Business journalists eschew climate change deniers

Chris Roush

Chris Roush is the dean of the School of Communications at Quinnipiac University in Hamden, Connecticut. He was previously Walter E. Hussman Sr. Distinguished Professor in business journalism at UNC-Chapel Hill. He is a former business journalist for Bloomberg News, Businessweek, The Atlanta Journal-Constitution, The Tampa Tribune and the Sarasota Herald-Tribune. He is the author of the leading business reporting textbook "Show me the Money: Writing Business and Economics Stories for Mass Communication" and "Thinking Things Over," a biography of former Wall Street Journal editor Vermont Royster.

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1 Response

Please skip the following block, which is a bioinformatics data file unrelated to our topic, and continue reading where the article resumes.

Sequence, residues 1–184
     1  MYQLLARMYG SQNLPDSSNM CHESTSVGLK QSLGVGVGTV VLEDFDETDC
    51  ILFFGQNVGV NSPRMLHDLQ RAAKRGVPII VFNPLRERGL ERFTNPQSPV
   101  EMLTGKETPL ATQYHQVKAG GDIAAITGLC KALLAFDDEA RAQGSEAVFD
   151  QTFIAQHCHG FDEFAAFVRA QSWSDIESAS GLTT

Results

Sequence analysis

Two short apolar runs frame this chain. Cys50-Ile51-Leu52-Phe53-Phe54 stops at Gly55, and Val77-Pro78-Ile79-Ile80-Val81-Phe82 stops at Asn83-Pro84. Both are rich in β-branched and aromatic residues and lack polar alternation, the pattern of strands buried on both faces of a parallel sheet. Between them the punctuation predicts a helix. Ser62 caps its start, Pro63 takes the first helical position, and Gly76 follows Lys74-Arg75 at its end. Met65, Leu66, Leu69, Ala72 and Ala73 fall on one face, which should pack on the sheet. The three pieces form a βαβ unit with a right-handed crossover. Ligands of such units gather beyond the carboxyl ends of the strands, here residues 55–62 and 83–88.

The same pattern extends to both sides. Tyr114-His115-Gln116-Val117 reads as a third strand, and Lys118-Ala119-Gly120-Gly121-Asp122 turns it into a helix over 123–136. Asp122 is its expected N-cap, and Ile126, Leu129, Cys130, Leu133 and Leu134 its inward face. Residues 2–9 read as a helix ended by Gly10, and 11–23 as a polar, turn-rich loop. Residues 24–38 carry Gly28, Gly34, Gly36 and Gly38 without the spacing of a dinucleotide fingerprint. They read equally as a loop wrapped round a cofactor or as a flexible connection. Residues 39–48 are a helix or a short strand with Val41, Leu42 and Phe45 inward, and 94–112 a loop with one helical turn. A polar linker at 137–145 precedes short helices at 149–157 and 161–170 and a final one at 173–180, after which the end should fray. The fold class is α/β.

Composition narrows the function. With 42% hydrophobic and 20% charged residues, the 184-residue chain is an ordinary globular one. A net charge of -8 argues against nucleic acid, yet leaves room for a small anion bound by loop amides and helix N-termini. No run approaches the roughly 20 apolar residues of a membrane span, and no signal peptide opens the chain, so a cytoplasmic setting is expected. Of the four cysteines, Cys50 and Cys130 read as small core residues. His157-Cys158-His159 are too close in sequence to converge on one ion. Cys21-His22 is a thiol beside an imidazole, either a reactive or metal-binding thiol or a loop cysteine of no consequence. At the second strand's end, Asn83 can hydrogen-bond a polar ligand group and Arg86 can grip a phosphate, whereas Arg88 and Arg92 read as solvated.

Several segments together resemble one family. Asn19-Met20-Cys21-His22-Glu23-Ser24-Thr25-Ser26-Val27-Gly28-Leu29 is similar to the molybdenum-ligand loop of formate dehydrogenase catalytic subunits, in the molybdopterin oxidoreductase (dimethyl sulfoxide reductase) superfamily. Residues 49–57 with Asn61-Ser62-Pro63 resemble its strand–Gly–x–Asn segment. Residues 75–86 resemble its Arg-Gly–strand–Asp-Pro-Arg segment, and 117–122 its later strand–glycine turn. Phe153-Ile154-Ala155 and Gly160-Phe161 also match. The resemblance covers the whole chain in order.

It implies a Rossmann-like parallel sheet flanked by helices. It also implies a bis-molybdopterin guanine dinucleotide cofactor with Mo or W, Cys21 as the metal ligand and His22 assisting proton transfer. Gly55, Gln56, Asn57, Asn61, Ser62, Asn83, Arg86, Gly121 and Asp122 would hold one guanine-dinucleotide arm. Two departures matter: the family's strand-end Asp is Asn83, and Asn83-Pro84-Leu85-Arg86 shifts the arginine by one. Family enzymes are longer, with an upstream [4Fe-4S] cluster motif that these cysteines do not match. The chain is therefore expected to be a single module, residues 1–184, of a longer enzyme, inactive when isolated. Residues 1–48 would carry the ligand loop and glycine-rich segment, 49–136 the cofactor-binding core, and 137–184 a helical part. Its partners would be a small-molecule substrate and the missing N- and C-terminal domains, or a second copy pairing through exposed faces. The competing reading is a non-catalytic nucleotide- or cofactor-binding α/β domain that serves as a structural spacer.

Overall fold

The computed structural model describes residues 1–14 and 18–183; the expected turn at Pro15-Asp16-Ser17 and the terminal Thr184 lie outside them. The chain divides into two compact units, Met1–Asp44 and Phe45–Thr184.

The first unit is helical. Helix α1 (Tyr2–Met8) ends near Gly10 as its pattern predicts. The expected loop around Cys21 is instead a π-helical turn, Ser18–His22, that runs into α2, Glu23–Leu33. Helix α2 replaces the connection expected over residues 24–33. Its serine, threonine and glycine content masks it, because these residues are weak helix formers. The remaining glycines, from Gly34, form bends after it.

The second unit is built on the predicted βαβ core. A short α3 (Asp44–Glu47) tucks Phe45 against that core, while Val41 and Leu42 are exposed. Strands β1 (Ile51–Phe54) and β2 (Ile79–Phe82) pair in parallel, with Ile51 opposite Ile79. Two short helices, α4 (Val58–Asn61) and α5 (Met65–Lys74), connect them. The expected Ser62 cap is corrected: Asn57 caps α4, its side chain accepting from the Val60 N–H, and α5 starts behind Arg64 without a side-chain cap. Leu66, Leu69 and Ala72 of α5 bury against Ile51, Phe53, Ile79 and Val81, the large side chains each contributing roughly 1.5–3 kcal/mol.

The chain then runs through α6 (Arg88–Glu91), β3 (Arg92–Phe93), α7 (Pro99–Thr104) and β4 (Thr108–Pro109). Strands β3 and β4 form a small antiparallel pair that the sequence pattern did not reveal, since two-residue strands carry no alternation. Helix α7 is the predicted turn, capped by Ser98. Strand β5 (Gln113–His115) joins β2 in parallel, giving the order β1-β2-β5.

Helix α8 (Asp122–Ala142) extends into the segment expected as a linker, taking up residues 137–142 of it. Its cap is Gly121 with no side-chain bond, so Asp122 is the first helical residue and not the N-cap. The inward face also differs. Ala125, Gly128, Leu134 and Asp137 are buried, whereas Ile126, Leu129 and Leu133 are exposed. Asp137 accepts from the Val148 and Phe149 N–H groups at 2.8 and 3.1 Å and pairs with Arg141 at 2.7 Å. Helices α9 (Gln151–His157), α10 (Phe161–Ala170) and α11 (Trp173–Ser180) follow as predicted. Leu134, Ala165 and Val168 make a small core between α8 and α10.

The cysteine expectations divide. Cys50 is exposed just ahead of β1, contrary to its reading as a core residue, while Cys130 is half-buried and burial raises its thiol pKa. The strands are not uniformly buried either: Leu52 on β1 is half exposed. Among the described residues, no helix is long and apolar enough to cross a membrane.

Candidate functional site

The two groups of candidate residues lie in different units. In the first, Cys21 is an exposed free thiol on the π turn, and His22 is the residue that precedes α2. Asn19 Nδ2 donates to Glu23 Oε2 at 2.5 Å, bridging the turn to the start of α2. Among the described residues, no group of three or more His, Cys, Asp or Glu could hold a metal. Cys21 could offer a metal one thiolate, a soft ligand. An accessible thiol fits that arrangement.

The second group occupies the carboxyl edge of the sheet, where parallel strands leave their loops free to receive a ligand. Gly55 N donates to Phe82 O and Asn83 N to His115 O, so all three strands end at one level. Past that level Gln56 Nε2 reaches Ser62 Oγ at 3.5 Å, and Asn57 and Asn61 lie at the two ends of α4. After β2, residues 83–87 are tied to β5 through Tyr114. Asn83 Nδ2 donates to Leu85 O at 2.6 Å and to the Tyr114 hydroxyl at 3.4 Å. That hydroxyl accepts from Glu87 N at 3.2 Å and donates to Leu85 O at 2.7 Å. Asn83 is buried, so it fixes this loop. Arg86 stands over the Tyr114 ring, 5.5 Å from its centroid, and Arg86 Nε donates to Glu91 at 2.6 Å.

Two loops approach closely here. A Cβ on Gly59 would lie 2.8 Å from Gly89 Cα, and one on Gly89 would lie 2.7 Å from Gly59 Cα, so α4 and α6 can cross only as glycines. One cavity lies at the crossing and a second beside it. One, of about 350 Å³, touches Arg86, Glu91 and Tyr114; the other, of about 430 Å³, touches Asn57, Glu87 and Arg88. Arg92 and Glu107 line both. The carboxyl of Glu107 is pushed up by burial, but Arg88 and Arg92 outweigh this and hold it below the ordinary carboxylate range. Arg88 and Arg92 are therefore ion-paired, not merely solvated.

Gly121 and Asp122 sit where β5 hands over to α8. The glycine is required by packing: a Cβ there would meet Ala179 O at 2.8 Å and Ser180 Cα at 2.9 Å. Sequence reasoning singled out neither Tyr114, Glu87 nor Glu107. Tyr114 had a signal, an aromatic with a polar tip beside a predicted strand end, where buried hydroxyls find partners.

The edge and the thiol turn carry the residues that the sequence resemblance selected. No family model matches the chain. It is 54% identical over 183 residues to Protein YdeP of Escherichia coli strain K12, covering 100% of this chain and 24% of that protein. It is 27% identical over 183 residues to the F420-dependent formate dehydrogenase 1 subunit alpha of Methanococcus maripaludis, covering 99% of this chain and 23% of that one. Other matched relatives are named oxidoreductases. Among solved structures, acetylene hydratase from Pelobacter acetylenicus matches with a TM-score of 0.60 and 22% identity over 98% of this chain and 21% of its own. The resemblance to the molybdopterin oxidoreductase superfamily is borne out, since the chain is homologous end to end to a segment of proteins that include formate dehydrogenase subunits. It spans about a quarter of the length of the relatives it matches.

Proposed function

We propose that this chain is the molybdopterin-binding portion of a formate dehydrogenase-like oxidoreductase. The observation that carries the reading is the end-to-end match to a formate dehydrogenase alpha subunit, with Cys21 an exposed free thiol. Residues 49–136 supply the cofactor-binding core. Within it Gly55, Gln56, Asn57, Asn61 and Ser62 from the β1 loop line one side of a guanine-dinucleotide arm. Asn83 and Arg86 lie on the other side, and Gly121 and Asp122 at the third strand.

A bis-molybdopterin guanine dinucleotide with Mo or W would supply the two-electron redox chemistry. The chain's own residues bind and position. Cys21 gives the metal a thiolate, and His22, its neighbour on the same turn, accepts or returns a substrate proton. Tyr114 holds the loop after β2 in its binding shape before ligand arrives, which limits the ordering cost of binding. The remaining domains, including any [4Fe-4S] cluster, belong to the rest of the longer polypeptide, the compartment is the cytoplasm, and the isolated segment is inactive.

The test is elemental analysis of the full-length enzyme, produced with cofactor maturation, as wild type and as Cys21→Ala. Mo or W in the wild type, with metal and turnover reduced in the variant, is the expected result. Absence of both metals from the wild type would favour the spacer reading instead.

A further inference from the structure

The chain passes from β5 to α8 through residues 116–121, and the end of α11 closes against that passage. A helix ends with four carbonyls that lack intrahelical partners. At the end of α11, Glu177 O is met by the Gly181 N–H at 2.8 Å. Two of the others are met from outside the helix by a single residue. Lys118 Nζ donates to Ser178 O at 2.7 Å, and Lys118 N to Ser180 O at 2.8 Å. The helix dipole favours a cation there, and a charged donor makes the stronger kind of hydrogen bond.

1. klem says:

    ” 24 of the 47 substantial mentions or segments on climate change in 2013 on CNBC, or about 51 percent, cast doubt on whether man-made climate change even existed.”

    This is exactly right. Once again the author cannot communicate the story clearly to the reader. Let me help; most businesses need to assess risk, and a changing climate is a valid risk which businesses are now considering. Why they have not been doing this for the past 100 years is not known, but at least they are considering the risk now. They do not care at all if it is human or naturally caused, they are simply assessing the potential risk to their business. CNBC reporters now understand that the climate changes whether humans exist or not, whether today’s climate change is human-caused is merely speculation. So news reporters have it right. Business are now assessing the risk as they should have been doing all along, and the author is merely deluded himself into believing that climate change is due to human activity alone. CNBC is right, and they are ahead of the curve.

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